I visited this church only last month as part of a project I am currently working on. A grade II* church, it is currently on the Historic England Heritage at Risk Register. However, thanks to an Heritage Lottery Fund grant, scaffolding has now gone up around the tower and works to the stonework and rainwater goods should be completed by Autumn 2015.
All Saints stands on a low hill and the tower can be seen from most parts of the small village. It is mainly perpendicular in style, built during the first half of the 15th century, though the chancel walls and the arches to the north and south of the chancel may be 14th century or earlier. One unusual feature which I have never seen before is that the porch window tracery is of brick, whereas in most brick porches it is of stone.
The church was restored in the late 19th century by Gilbert Scott who designed the nave roof and organ chamber, but its general appearance today is as it was to the Howards, the ancestors of the Dukes of Norfolk, who were the Lords of the Manor at East Winch while the present church was being built.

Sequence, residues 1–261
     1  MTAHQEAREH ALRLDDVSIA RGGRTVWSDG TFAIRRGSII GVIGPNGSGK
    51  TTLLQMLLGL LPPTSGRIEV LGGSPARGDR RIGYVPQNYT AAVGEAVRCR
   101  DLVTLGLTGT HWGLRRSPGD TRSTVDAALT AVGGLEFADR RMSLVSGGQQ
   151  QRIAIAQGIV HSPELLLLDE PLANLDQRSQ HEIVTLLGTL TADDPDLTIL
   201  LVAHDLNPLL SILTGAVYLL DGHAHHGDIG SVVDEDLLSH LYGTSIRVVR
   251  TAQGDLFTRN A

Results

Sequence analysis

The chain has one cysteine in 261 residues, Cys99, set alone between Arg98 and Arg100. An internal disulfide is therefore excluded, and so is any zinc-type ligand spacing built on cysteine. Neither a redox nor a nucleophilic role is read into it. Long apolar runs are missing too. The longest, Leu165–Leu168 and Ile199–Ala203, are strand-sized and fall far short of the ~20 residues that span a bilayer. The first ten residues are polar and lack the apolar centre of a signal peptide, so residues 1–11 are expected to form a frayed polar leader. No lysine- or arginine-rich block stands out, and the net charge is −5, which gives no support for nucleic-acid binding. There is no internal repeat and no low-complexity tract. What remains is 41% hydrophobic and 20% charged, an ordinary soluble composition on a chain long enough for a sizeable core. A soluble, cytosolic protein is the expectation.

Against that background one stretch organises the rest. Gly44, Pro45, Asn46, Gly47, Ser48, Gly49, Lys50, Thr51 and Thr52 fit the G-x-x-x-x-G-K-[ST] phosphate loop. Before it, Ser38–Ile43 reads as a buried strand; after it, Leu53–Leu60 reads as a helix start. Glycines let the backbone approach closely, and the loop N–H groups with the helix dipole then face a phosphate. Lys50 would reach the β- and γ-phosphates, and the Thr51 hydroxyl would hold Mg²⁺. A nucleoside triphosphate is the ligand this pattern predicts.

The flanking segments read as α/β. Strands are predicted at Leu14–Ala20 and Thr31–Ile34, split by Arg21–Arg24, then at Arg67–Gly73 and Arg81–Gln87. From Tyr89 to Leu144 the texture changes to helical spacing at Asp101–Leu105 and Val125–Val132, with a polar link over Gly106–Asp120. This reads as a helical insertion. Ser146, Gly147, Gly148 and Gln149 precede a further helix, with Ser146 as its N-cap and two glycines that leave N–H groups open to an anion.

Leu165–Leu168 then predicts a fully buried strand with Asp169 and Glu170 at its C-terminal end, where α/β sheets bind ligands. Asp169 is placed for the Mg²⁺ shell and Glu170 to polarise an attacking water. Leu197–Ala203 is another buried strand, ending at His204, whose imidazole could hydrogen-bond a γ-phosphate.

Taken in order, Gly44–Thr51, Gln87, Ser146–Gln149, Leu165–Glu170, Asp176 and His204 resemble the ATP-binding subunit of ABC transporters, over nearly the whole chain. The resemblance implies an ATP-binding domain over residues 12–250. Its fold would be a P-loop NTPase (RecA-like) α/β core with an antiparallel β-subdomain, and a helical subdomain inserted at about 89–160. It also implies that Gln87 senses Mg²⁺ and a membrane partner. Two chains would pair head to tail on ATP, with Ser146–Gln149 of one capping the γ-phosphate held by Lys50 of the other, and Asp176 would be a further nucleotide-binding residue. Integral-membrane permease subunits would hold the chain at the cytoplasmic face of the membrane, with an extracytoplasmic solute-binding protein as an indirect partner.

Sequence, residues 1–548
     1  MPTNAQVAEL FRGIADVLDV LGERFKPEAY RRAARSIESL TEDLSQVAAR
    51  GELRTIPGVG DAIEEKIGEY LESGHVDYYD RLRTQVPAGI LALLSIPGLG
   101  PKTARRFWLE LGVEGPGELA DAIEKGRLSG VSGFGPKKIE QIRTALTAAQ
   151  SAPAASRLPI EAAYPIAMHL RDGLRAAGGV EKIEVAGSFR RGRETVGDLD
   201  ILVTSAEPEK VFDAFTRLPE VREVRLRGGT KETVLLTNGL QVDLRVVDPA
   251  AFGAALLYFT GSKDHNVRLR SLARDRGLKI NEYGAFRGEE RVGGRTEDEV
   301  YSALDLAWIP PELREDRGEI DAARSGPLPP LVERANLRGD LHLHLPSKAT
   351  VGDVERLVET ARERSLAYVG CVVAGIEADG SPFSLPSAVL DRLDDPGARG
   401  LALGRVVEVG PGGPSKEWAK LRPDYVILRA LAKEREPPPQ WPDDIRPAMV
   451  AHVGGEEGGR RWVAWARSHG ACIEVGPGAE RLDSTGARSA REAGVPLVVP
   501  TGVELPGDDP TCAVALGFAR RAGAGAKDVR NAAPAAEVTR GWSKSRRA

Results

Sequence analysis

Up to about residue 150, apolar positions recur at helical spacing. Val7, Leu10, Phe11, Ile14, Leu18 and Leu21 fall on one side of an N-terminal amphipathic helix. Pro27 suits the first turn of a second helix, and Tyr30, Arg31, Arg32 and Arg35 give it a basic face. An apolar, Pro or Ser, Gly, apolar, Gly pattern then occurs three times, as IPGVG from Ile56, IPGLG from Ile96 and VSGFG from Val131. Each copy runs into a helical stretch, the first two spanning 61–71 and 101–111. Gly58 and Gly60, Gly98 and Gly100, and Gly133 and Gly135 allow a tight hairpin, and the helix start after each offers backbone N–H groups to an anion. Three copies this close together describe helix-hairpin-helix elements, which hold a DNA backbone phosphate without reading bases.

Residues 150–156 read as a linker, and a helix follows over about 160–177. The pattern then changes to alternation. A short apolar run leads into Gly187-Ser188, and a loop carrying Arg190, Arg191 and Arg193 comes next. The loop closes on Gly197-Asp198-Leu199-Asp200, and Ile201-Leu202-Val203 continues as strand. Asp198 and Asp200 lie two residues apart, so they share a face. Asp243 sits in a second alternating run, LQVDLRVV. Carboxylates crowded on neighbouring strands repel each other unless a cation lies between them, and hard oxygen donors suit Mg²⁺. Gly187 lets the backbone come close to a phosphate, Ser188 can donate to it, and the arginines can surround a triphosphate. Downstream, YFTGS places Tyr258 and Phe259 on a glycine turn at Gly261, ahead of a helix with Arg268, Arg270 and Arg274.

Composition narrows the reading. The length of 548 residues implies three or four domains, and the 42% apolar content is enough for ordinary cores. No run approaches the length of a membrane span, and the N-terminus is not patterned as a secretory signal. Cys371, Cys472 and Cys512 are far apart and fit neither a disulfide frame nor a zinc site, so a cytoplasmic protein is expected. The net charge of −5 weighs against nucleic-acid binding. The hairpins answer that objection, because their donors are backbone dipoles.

The church retains a wonderful peaceful ambiance, slightly dark and fusty but it feels cared for. There are also several wonderful items inside of which I would pick out two.
The font cover was designed by Sir Ninian Comper and is a decorated with a combination of gilding, blue and white is typical of his work.
In the south aisle are a set of 15th century pews which they would have been installed when the church was built. They were originally carved with poppy heads, lion like animals and the occasional eagle. Greatly need of restoration, and tantalising, as in most cases, all that remains of the carvings on the arm rests are the haunches or paws of some once proud beast.